Weird and gay, noisy and silent, making us laugh, annoyed or forcing us to reflect, the works presented by Manuel Scano Larrazàbal, Dorian Gaudin, Martin Kersels and Zoe Barcza extend, without knowing or realising, the Dada adventure, while still possessing two common features: machine and thought.
While Martin Kersels gradually deconstructs a domestic interior, Zoe Barcza questions the fertilisation industry; Dorian Gaudin undertakes constructions like tectonic plates, and Manuel Scano Larrazàbal offers an ephemeral installation the opportunity to create a work in Marseille. These works, reflections of their time, blur all understandings between the work of the artist, the work as engineer and the profane work. These different forms of artistic expression, some ironical, others dissenting, or simply poetical, all translate current questionings: is society aware of its self-destructiveness and its fragility? Have human beings forgotten the brevity of their own existence and their ineluctable fate? Will Man be replaced by the machine?
While Manuel Scano Larrazàbal’s fragile and ephemeral drawing machine – which could be called a Meta-Tinguely – tries with delicacy and grace, stroke after stroke, to elaborate a work on paper, Martin Kersels’ video shows a fully furnished room – adorned with all the modern habitat’s paraphernalia – turning in circles on itself, inexorably going, with the regularity of a metronome, towards self-destruction. Following the same tempo, the first is a machine that creates, the second a machine that destroys; both balance and ironically answer each other through their antagonistic actions.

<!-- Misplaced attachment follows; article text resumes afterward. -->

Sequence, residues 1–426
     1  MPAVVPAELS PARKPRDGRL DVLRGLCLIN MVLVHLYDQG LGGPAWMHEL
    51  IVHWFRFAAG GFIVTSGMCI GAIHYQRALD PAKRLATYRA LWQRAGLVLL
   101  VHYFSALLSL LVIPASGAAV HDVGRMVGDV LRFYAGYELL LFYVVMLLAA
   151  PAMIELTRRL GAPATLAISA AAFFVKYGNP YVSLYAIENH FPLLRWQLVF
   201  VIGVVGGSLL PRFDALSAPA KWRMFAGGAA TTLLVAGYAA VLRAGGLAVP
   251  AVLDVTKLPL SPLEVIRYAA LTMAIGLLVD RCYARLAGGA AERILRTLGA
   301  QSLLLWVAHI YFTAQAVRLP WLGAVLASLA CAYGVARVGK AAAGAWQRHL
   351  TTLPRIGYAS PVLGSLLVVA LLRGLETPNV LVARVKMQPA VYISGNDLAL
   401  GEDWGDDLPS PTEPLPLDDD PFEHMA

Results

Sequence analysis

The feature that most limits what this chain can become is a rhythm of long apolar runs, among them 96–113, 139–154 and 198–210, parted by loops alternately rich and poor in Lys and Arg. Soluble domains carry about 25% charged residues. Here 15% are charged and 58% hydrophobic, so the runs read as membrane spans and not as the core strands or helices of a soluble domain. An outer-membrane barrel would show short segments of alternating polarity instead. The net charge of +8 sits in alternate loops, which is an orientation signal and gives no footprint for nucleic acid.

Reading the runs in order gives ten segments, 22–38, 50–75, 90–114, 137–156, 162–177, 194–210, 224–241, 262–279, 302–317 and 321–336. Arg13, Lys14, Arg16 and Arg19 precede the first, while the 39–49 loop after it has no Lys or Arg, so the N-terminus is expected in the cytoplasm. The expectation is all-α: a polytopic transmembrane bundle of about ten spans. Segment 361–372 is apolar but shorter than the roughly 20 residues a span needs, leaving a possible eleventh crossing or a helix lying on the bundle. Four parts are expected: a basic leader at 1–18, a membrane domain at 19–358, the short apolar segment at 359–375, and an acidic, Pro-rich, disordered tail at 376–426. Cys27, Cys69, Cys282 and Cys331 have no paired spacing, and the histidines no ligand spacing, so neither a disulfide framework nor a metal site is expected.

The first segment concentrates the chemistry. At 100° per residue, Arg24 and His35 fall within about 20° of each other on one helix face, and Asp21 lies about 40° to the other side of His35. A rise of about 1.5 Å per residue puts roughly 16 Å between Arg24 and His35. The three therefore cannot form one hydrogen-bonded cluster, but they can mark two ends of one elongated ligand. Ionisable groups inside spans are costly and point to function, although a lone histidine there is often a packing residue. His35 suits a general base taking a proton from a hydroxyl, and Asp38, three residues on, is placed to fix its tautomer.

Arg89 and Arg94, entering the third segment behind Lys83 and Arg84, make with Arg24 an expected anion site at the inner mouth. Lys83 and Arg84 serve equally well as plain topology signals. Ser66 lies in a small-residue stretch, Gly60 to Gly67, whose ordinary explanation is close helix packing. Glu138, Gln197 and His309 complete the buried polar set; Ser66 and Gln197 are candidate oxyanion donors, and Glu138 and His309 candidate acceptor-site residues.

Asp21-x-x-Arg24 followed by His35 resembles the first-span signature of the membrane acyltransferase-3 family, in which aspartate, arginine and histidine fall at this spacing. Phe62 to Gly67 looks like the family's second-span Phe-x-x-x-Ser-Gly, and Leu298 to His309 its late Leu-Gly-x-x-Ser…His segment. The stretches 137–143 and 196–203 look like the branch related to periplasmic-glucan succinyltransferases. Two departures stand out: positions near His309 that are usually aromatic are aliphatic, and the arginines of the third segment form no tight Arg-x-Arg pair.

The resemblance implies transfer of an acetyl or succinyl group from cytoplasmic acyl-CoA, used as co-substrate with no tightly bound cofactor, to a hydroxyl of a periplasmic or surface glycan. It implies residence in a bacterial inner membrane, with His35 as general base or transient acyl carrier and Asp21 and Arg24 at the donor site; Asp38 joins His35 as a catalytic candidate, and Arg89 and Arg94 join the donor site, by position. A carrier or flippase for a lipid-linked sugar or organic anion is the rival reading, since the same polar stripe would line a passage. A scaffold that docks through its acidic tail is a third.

Simultaneously, Dorian Gaudin confronts the machine to its utility, giving it, through his installations, a movement making it able to restlessly look for – with or without free will – the function for which it was created, or the meaning it represents. Similar to the tectonic plates confronting each other and creating mountains through their collision, the wall sculptures presented at ART-O-RAMA are the result of a space restriction imposed by the artist on the material which then contorts itself, thus forming an imaginary and colourful landscape possessing its own language.
Zoe Barcza presents a metallic shelf, a mundane display unit or a storage accessory, on which a few almost fossilised sperms are flaunting themselves while waiting to be selected, the way we would choose to adopt an abandoned dog in an animal shelter or an orphan on a catalogue. In a humorous way, the artist mocks the human reproduction (and decline) machine, while questioning the dangers of a new fertilisation business where man and woman don’t need to meet anymore, nor does the sperm need to travel through the labyrinth-like feminine den to give life.
Terrorists, provocative, iconoclasts, refusing any ideological, moral, or artistic constraints, these works extol spontaneity and attempt, through the energy they release, to become expressive tools for investigation.